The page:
I like to imagine an auction without any sound and design signs around all the profit centers. If you couldn’t speak to your guests, how would you get them where you wanted them and buying what is being sold.  This is an excellent exercise so give it a try.  View all surfaces as sign locations. These areas are blank slates for communication so use them to increase the auctions earning potential. Walls, table tops, chair backs, backdrops, stairs, escalators, sidewalks, columns, pedestals, credenzas and pathways and doors, even the bathroom stalls and walls are marketing and sales opportunities. Look for natural gazing spots to inform and direct guests throughout the evening. A gazing spot is the place the eye naturally falls to when standing in line, walking a pathway and entering a building and room. This means that a large banner over the checkout station may not be a natural gazing spot. And those little signs placed in front of check in can only be seen by the first person in line, so that is lousy placement. Any place that a short line might form needs to be tested for sign placement, so create a short line using volunteers and look around. Where do your eyes naturally fall. To the right, to the left, to an oddly placed architectural feature?  That’s the place to put the sign that makes your guests feel welcome and answers natural questions. Imagine that each guest will be standing for 1 -2 minutes. Where can I find a drink? Where is the silent auction? Is there a coat check? Can I get my parking ticket stamped?  Feature Sponsors & Advertisers in those aras. “Enjoy the No host Bar & Horderves during the Bank of America Silent Auction” or Bar Hosted by John Smith Chevrolet”, “Buy BenBridge Diamond Raffle Tickets Here”. Create a Coat Check sign with an arrow pointing to the location. Use adhesive footprints or stars on the floor leading guests directly to the silent auction and beverage area.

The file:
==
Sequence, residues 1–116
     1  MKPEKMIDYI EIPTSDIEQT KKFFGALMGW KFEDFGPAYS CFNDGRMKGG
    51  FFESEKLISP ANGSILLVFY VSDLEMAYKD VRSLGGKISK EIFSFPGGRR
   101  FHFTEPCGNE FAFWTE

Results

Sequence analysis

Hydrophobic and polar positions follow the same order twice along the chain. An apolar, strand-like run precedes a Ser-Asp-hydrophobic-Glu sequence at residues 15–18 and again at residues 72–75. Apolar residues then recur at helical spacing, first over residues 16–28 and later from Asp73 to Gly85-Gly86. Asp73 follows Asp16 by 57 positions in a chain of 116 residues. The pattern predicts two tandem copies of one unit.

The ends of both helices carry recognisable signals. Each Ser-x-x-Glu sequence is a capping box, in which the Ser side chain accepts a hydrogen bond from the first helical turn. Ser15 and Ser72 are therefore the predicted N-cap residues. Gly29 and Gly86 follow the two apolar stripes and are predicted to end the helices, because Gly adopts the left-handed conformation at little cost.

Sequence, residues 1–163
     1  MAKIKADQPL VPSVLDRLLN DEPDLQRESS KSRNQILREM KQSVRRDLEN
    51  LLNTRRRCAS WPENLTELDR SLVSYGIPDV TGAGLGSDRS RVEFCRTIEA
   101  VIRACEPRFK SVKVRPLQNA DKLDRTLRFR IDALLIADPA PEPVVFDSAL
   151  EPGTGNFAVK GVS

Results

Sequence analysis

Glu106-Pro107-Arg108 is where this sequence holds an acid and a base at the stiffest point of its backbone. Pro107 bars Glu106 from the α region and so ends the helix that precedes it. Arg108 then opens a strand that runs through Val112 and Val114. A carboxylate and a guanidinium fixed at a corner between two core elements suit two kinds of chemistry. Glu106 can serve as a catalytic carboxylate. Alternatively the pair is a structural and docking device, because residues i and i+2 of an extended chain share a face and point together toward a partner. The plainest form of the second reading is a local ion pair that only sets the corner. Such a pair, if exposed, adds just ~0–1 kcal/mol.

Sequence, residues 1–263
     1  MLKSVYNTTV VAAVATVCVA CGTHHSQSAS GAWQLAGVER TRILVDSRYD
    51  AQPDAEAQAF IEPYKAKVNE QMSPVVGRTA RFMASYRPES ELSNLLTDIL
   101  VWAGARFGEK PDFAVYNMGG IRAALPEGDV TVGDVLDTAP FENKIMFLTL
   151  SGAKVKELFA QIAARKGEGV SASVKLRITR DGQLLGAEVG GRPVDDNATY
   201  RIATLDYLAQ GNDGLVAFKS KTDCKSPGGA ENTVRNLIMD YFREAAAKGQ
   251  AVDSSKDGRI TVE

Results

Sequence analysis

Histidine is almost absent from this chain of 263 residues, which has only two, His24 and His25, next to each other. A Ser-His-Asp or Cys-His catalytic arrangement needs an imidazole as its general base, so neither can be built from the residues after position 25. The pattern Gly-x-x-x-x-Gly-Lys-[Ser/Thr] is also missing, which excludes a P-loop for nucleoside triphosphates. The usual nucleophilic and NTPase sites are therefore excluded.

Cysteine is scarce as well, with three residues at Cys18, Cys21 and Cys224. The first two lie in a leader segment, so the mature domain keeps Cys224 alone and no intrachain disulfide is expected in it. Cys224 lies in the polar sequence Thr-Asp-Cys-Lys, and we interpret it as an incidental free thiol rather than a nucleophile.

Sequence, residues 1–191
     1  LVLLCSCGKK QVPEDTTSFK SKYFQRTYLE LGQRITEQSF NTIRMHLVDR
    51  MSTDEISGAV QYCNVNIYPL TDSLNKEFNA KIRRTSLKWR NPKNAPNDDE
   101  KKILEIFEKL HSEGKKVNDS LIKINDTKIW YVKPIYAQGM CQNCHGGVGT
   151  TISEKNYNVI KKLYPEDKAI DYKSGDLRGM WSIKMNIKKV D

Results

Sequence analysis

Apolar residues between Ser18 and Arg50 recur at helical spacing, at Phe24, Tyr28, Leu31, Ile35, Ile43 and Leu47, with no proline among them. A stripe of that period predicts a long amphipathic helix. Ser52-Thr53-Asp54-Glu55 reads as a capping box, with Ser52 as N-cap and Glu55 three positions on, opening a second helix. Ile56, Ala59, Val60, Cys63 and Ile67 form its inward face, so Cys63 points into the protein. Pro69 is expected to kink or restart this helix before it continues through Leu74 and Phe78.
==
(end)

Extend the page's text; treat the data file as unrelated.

We can use signs to provoke an action and deliver a message.  What do you want your guests to do? What do you want them to know? For instance, as guests are arriving the messages are centered around guiding people to a specific spot, attracting attention to donors and donations, and recognizing volunteers and their contributions. As guests are leaving, signs are centered around recognizing guests, their contributions and assisting them in checking out and leaving with their purchases. Let me mention here, that it’s a good idea to send home a gift bag that includes a donation envelope, newsletter, brochure and a thank you gift of candy or a novelty.